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Homework Help: Locate Absolute Extrema

  1. Nov 3, 2012 #1
    1. The problem statement, all variables and given/known data

    Locate the absolute extrema of the given function on the indicated interval.

    f(x) = -x^2 + 3x ; interval: [0 , 3 ]

    2. Relevant equations



    3. The attempt at a solution

    f'(x) => -2x + 3x = 0
    => x = 0

    f(0) = -(0)^2 + 3(0) = 0
    f(3) = -(3)^2 + 3(3) = 0

    My answer: Absolute minimum (0,0) and (3,0)

    Now, my book gives the following answer for the problem above:

    Minima: (0, 0) and (3, 0)
    Maximum: (3/2) and (9/4)

    Where does 3/2 and 9/4 come from?
     
  2. jcsd
  3. Nov 3, 2012 #2
    Your derivative is incorrect. Specifically, this part:

    [tex]\frac{d}{dx}3x[/tex]
     
  4. Nov 3, 2012 #3

    Ray Vickson

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    You have only found the minima; you also need to find the maximum.

    RGV
     
  5. Nov 3, 2012 #4
    Ok, I have:

    f'(x) = -2x + 3(1) = 0
    = -2x = -3
    x = 3/2
     
  6. Nov 3, 2012 #5
    ohh I understand now!
    Thank you so much!
     
  7. Nov 3, 2012 #6
    I just have another question: On my notes, I see I should find the critical point. It says that for that, the derivative = 0 or the derivative is undefined.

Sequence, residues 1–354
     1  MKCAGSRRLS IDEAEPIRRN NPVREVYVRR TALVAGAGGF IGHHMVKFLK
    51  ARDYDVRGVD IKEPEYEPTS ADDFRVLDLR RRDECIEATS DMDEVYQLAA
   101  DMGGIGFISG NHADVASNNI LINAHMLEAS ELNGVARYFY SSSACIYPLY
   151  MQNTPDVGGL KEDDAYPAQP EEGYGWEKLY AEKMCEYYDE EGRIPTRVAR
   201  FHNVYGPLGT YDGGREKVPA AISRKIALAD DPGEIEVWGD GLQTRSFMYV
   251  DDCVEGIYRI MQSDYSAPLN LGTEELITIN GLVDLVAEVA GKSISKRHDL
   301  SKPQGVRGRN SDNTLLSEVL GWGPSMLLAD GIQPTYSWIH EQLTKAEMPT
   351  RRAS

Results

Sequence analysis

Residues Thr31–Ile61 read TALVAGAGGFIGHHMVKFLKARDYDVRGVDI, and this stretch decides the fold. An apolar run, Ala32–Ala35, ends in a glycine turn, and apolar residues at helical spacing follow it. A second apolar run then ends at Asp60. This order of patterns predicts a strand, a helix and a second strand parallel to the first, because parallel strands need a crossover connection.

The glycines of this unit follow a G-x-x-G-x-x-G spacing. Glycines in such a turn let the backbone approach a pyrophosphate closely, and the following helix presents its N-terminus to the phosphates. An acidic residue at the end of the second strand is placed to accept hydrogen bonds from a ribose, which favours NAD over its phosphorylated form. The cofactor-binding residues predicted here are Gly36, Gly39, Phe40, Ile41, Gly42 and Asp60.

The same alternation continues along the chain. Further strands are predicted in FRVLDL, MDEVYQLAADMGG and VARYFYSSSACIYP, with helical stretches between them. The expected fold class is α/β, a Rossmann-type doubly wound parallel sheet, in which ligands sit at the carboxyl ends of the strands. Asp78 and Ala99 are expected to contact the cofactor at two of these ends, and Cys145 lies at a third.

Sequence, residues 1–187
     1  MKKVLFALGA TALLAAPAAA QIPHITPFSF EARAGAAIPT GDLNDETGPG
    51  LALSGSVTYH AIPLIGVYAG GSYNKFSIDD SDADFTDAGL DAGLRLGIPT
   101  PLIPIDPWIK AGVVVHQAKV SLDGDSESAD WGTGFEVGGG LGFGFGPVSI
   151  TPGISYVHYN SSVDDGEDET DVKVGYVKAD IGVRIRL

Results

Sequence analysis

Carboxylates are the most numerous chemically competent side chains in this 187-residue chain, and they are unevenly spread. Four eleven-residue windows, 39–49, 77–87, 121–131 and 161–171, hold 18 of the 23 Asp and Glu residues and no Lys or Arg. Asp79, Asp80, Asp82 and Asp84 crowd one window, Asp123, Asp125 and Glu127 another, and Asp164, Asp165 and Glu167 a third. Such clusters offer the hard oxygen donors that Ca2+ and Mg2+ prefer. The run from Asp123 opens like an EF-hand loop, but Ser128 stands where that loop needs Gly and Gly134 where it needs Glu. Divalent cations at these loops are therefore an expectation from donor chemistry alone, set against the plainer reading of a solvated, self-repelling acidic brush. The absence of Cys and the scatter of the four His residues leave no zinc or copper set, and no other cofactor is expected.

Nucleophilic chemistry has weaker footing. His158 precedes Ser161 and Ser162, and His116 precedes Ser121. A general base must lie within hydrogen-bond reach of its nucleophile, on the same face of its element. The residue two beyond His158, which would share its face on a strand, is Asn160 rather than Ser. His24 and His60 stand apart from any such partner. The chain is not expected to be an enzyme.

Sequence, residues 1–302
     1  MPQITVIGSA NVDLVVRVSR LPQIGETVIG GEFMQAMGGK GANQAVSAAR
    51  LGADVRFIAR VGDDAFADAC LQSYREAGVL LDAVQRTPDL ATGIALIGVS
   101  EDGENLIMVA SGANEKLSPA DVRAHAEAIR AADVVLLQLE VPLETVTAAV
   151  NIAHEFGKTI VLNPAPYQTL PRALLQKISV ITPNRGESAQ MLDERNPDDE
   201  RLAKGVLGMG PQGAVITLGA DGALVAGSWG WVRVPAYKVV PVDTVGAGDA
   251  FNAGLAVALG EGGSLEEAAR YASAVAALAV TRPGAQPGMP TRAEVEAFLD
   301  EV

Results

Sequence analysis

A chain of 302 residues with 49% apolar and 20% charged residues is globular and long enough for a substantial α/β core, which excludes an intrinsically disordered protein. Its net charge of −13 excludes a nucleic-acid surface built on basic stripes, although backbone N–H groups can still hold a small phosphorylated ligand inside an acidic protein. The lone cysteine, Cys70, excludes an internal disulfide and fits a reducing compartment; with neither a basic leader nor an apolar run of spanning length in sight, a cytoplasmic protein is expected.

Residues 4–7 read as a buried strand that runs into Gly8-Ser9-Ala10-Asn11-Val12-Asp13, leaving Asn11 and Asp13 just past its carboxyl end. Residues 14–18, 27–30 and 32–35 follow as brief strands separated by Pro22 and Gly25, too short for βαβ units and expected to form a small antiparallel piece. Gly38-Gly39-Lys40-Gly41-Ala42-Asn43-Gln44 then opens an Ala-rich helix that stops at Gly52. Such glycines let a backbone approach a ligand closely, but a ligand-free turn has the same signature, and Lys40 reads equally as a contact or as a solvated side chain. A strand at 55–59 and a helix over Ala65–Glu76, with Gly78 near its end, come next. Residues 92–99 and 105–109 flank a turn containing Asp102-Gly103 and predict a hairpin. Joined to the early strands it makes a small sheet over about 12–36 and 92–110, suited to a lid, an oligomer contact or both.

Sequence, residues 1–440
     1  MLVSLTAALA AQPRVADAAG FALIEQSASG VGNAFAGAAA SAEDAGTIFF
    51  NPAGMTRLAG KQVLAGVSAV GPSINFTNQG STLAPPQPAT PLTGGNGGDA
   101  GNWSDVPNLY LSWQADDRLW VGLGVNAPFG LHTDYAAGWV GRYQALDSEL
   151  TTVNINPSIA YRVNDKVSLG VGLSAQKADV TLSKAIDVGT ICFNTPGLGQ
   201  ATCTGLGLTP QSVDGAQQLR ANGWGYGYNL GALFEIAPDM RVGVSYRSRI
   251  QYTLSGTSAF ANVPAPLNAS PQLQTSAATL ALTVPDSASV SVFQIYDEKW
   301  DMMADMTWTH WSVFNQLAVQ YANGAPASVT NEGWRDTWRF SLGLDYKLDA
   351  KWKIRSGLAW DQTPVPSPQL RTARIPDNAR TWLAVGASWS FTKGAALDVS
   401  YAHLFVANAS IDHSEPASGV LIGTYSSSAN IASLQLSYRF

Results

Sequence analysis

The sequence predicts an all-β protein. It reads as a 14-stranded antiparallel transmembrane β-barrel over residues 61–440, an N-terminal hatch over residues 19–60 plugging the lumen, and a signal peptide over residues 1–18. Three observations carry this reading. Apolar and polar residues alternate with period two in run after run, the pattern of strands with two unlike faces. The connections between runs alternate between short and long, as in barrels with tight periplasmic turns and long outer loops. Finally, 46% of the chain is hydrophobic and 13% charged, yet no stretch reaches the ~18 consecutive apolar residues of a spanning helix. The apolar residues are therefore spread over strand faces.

But in this case, wouldn't -3/2 be the critical point?

    What's confusing me is that I have the following on my notes:

    f(x) = 2(3 - x) ; interval [ -1, 2]

    differentiating: 6 - 2x = 0
    0 - 2x = 0
    x = -0/2

    Now, why 2x wasn't differentiated and written as 2(1) ?
     
    Last edited: Nov 3, 2012
  8. Nov 3, 2012 #7

    Ray Vickson

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    If this is what you have written in your notes, your notes are a mess. The derivative of 6 - 2x is not -2x.

    RGV
     
  9. Nov 3, 2012 #8
    How about the critical point? Where's the critical point for the first problem?
     
  10. Nov 3, 2012 #9
    I can't have copied everything wrong. I have two other problems that I copied from the blackboard that follow the same thought:

    Look at this one:

    -x^2 + 3x ; interval [0,3]

    => -x^2 + 3x = 0
    => -2x + 3x = 0
    => x = 0

    Another problem:

    f(x) = x^3 - 3x^2; interval: [-1,3]
    3x^2 - 6x = 0
    6x - 6x = 0
    x = 0

    It seems that x should always be 0 or undefined because that is what I have on my notes: